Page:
Boris Rose, King of the Bootleggers

Sucker for buried treasure that I am, the story of Boris Rose, jazz bootlegger supreme caught my attention as I perused Syncopated: An Anthology of Nonfiction Picto-Essays [preview]

Around 1940, Boris began dubbing 78RPM records to 10-inch red vinyl disks with hand-written white labels.  He would sell these dubs of Jelly Roll Morton, King Oliver, Louis Armstrong, and other great early jazz musicians to anyone interested in buying them….

Over the years Boris captured thousands of hours of recordings that likely did not exist anywhere else — his was easily the largest private collection of its kind anywhere in the world.  Eventually Boris began recording every sort of broadcast imaginable — he even recorded the soundtracks of entire movies as they were broadcast over television.

What Rose became known for is the bootleg LPs of these recordings from old 78s and live jazz radio broadcasts.  He sold these records commercially, complete with liner notes and illustrated covers, under the names of invented “foreign” record labels like Alto and Radiex.  Despite being fairly prolific for a unauthorized distributor, the vast majority of his recordings have never been released.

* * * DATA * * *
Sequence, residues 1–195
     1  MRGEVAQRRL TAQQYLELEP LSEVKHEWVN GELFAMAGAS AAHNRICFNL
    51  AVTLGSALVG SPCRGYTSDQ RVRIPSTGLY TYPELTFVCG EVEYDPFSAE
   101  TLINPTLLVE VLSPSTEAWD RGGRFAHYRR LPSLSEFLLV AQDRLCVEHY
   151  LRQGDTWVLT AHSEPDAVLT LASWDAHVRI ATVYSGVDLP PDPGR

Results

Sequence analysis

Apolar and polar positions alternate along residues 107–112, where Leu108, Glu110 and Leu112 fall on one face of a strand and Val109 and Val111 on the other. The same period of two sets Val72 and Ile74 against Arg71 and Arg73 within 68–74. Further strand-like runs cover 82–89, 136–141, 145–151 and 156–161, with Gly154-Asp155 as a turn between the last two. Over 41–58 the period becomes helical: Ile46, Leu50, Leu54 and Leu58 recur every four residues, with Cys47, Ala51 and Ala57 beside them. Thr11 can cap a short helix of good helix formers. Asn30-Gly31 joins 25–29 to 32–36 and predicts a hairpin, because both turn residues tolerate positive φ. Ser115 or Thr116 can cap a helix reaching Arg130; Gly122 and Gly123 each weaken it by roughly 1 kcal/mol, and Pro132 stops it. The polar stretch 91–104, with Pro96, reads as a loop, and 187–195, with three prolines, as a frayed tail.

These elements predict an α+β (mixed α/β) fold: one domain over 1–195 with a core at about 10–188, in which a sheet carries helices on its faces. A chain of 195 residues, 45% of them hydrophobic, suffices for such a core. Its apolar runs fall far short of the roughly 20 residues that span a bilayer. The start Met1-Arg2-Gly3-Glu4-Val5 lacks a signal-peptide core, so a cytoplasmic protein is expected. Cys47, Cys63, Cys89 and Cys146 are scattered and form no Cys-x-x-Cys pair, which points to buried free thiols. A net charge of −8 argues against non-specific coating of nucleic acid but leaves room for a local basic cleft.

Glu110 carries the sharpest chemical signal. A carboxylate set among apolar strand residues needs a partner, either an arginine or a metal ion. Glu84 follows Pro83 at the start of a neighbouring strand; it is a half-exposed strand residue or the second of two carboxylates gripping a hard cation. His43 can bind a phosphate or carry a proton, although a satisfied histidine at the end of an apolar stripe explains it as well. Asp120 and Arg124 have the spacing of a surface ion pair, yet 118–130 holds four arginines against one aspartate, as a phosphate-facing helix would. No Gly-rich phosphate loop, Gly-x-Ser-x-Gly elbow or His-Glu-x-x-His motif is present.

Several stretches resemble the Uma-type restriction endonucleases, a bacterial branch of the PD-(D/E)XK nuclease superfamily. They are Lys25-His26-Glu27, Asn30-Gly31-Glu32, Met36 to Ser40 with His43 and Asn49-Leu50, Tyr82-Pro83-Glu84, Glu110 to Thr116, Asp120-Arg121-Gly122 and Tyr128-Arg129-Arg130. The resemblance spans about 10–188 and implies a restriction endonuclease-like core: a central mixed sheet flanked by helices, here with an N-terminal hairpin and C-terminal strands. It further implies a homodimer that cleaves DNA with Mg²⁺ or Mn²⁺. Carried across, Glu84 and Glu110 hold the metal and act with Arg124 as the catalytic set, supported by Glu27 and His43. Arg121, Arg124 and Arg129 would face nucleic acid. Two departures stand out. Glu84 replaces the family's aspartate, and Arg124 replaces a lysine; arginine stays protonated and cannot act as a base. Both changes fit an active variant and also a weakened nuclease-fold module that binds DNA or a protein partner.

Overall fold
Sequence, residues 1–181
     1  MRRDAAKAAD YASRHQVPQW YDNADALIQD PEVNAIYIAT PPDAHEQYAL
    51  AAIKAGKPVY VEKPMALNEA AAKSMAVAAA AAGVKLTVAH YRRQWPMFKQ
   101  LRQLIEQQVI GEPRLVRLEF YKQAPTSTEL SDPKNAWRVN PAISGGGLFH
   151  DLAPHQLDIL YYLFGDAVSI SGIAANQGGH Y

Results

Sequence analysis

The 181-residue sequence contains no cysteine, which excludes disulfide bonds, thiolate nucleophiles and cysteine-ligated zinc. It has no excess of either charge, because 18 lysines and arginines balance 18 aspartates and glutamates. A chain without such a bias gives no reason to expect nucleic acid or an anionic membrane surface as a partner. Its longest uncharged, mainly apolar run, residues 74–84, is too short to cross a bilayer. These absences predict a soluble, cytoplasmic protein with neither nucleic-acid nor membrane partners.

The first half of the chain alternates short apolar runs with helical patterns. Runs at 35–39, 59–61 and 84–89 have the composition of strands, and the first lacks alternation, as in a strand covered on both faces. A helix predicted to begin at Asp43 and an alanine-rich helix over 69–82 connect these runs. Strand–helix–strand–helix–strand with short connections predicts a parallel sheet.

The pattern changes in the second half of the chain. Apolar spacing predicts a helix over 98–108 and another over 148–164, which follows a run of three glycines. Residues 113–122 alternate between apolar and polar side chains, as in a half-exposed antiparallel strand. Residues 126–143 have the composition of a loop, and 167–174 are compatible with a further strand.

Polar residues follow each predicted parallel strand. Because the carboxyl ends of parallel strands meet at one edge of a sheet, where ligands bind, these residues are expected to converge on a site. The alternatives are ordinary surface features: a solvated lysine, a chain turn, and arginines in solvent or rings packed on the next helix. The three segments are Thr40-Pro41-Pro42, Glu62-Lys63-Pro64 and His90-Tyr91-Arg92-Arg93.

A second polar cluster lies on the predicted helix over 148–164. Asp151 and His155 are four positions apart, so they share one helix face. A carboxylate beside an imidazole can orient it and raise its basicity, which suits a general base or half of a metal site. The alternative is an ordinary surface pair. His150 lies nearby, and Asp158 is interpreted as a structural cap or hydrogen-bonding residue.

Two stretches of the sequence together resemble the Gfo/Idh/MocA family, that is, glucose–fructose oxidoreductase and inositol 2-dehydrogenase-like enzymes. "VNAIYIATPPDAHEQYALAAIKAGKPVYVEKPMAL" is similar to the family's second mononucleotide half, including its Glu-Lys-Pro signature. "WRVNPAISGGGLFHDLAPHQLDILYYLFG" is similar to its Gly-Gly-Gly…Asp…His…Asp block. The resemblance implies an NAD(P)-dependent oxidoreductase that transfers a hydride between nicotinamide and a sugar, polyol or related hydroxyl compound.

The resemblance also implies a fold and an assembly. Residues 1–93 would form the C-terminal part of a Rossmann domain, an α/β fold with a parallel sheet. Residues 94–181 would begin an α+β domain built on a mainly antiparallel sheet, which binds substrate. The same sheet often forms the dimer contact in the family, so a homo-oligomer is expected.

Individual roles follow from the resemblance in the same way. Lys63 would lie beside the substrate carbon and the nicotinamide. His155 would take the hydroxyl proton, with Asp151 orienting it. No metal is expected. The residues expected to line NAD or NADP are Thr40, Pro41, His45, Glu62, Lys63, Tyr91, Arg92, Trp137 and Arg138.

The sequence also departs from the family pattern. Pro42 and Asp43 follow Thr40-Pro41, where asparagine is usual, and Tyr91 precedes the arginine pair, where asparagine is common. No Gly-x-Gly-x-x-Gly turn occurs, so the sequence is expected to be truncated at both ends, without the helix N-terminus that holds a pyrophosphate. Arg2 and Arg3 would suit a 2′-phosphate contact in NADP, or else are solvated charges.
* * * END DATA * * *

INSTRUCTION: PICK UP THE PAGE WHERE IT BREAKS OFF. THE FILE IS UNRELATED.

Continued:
Boris Rose died on the last day of the 20th century, leaving his collection to his daughter Elaine.  The recordings remain in storage, largely unheard by anyone other than Rose himself an presently unavailable anywhere else.  That’s thousands of hours of unheard sounds sitting in a storage shed in the Bronx, an archive that’s hard to fathom.

r a n d o m g o o g l i n g p r o d u c e d l i t t l e m o r e i n f o on Mr. Rose.

illustration by Brendan Burford

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